founder of BANLIEUES CLIMAT
16 May 2023
FÉRIS BARKAT - Spokesperson for ecology in working-class neighbourhoods
At the age of 20, he is one of the leading figures of young people committed to ecology. By co-founding Banlieues Climat, he set himself the mission of raising awareness and training young people in working-class neighbourhoods about climate issues.
Féris Barkat was born in 2002, the only son of an Algerian worker father and a Moroccan mother. It grows between the popular and residential areas of Strasbourg.
His awakening to ecology begins with philosophy and continues with a course that will mark him on technique and the limit of progress. Finally, it is also a meeting, that of Vincent Thiebaut, parliamentary attaché who talks to him about permafrost.
He was admitted to the London School of Economics, which he abandoned in favour of his commitment to ecology. Back in France, he joined the Collège Citoyen de France where he will follow 200h of courses, accompanied by mentors of choice and where he will sharpen his ecological culture.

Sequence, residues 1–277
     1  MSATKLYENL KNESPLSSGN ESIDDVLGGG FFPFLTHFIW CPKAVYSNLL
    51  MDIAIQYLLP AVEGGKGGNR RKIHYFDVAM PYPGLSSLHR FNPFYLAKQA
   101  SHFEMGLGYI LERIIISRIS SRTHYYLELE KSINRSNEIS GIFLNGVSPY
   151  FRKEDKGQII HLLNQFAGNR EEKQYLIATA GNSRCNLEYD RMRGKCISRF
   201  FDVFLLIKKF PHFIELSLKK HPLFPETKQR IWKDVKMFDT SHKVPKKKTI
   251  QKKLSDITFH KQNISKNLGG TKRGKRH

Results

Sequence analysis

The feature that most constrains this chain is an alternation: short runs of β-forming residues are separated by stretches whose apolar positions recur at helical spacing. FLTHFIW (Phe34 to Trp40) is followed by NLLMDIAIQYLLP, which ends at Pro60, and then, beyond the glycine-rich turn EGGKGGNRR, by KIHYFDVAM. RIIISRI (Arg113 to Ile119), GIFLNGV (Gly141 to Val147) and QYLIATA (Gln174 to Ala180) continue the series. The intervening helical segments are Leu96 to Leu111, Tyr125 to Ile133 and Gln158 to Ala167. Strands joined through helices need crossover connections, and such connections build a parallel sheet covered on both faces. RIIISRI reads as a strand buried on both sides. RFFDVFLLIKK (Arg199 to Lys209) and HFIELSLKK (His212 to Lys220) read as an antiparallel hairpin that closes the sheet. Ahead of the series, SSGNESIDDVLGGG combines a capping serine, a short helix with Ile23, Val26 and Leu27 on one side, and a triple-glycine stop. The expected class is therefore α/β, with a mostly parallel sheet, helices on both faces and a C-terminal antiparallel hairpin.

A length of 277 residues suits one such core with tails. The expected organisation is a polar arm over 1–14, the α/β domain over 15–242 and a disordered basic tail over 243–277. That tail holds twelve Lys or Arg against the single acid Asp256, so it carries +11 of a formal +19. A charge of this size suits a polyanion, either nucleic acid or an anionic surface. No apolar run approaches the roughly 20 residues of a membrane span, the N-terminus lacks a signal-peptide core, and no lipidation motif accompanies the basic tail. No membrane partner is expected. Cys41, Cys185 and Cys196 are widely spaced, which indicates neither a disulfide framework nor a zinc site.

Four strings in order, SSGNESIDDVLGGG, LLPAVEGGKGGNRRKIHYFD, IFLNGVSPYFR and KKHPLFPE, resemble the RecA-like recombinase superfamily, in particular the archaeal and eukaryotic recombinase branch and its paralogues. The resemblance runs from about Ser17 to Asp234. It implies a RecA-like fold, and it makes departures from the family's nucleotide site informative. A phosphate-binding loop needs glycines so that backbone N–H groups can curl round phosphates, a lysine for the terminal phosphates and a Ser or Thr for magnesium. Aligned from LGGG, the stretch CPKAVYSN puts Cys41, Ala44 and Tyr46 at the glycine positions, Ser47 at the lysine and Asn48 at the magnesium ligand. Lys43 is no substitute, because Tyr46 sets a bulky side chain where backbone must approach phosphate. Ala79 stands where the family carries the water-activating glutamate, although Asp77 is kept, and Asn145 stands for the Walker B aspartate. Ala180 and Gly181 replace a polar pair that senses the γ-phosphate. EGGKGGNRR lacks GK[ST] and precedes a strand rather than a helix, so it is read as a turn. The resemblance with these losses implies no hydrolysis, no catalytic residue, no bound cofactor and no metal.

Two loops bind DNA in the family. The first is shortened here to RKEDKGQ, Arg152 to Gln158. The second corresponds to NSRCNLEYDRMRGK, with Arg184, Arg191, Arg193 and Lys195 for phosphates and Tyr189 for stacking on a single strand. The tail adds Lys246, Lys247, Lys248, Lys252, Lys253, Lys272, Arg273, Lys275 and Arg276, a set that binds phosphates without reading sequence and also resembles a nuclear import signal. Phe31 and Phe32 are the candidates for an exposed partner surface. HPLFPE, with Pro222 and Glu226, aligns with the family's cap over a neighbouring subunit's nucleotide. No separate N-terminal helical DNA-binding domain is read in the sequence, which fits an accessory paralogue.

It is in spring 2022 that Féris launches using the power of the social network TikTok to get his messages across and he quickly imposes his style. In less than two months, more than 40,000 people follow him.
On the advice of Abdelaali El Badaoui (founder of the association Banlieues santé), he co-founded Banlieues Climat, aware that the future of cities depends on fighting the climate challenge.
Portrait of a spokesperson for ecology in working-class neighbourhoods.
How are working-class neighbourhoods more affected by climate change?
Inequalities are reflected in many aspects. In 2003, the heat wave killed 19,000 people, the Val de Marne and the Seine-Saint-Denis region suffered the most casualties because housing is less well isolated.